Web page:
The Distinctive Chone Figginsby Dan Fox
October 25, 2005
"You ever see that movie, 'Multiplicity,' with Michael Keaton? It's like they keep making a bunch of Chone Figginses and putting them all over the field. He comes up with a lot of big plays no matter where you put him."
- Derek Jeter on Chone Figgins
Chone Figgins had a horrible postseason. His 5 for 38 performance with 11 strikeouts and just three runs scored against the Yankees and White Sox over the last couple of weeks was difficult to watch. Of course, the Angels' offense as a whole was anemic in the ALCS and scored just 11 runs in five games and hit .175/.200/.266 against a White Sox staff that threw four successive complete games, a feat that hadn't been accomplished since the 1956 Yankees threw five in a row. For the postseason the Halos hit .227/.254/.368, so Figgins was in good company.
But all of that does not wipe away the fine and distinctive season that Figgins turned in. While Figgins cannot really be called a regular at third base other than the postseason since he played in just 56 games there, logging 437.3 innings, he did play it as often and certainly better than any other Angel. (Dallas McPherson played about 50 more innings but not as well.) But in that role where he also played 42 games at second base, four at shortstop and 72 in the outfield, he led the league in stolen bases with 62 and scored 113 runs.
His speed at third base got me to wondering how often a third baseman fit the profile of Figgins. What I found out was that a season like Figgins's from a more or less full-time third baseman is a throwback to the days of yesteryear.
Since the end of the deadball era, Figgins in 2005 become one of only four third basemen (who played over 100 games) to steal 50 bases in a season. Can you name the other three?
A third baseman who stole 40 or more bases in a season has occurred 94 times in history, but just 24 times since 1915.
That profile of a third baseman with plenty of speed and little power is strange to the modern baseball fan, because third base is commonly viewed as a position where power is primary and therefore speed and defensive ability are secondary. It wasn't always that way. In the first half of the last century, third base was usually considered the more demanding defensive position. As a result, great hitters such as Rogers Hornsby, Eddie Collins, Frankie Frisch, Charlie Gehringer and Nap Lajoie manned second while slick fielders like Jimmy Collins, Pie Traynor, Stan Hack and George Kell were placed at third. Over time, the small-ball of earlier years replete with bunting and chop hitting (which a good third baseman can impact) gave way to more station-to-station baseball where second base was considered the more key defensive position. As a result, third base became populated with more productive hitters like Eddie Matthews, Mike Schmidt, George Brett, Matt Williams and Chipper Jones while second base was held down by the likes of Bill Mazeroski, Bobby Richardson, Felix Millan and Manny Trillo.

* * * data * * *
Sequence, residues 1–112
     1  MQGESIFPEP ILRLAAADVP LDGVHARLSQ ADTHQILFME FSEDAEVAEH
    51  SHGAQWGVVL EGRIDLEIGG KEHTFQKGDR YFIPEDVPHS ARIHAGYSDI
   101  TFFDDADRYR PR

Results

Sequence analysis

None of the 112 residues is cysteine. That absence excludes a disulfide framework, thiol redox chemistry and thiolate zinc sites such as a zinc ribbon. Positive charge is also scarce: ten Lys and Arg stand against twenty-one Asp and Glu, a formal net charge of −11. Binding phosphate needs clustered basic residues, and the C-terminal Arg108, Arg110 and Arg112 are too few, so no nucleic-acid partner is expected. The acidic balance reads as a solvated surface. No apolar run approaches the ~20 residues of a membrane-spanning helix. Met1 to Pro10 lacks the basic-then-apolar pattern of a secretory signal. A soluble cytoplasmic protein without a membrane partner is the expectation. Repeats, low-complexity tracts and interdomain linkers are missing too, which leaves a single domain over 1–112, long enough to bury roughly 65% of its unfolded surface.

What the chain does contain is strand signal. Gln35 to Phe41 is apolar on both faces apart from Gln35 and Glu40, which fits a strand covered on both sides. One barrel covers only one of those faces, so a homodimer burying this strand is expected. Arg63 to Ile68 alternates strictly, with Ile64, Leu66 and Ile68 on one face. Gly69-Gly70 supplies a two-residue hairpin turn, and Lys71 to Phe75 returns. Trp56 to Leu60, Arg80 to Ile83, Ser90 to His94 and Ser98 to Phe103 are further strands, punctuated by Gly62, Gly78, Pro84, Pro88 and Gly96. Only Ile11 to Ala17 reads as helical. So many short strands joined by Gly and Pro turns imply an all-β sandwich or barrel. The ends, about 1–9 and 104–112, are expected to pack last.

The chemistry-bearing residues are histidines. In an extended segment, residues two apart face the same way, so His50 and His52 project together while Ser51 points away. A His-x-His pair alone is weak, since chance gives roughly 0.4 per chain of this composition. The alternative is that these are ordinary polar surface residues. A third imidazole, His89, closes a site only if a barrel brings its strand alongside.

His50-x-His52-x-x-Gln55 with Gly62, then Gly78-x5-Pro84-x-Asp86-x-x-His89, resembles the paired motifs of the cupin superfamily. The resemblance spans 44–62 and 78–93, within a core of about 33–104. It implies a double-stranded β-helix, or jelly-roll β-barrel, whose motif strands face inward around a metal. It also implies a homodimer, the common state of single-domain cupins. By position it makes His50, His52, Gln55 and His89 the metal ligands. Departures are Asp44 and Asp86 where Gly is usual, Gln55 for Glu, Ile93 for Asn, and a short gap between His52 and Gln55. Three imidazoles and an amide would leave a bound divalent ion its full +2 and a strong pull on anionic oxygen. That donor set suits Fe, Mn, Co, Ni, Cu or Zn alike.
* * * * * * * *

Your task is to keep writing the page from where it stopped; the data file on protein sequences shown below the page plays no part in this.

This is illustrated in the following graph where the OPS (on-base plus slugging) of second basemen and third basemen are compared from 1900 to 2004 for those players who played in 100 or more games at the position.
As you can see, the OPS of third basemen typically trails that of second basemen until we get into the 1940s. In fact, in the periods 1900-1924 the average OPS of a second sacker was 704, while that of a third baseman was 689. From 1925 to 1950, however, the positions swapped with second at 745 and third at 764, and the gap increased to over 70 points in the 1951-1975 time frame. Since 1976, however, the gap decreased to around 50 points and more like 40 points since 1993.
The relative importance of the various positions has been captured in the Bill James notion of the Defensive Spectrum. The spectrum arranges the defensive positions from least to most demanding. It was James's insight that shifts from right to left on the spectrum occur as players age and that those from left to right are rare and seldom work (the exceptions being a move like Cal Ripken's shift to shortstop and the occasional catcher moving to the outfield ala Brian Downing and Craig Biggio). In the modern game the defensive spectrum looks like this [1B - LF - RF - 3B - CF - 2B - SS]. But as you can see from the graph the spectrum in the early part of the century was more like [LF - RF - 1B - 2B - CF - 3B - SS] with first base also considered a more demanding position because of the prevalence of bunting and chop hitting.
It's interesting to note from the graph that the gap between the two positions appears to once again be closing. I chalk this up to the realization on the part of some teams that second base also provides an opportunity to place a more offensive-oriented player. As a result, players such as Jeff Kent, Alfonso Soriano and Todd Walker are being slotted there more frequently.
The Angels have made personnel decisions that have bucked the modern system before. For example, they moved Darrin Erstad from the outfield where he was a fine defender (9% above average according to Baseball Prospectus>Baseball Prospectus) with an adequate bat to first base in 2004 where he's still a fine defender (9% above average) but with a sub-par bat for the position (10 runs worse than average in 2005). But with the promise of Dallas McPherson as a 40-homer kind of guy I doubt we'll see Figgins continue his postseason role as a throwback in 2006.
Dan is the author of the blog Dan Agonistes and welcomes your comments and suggestions via email.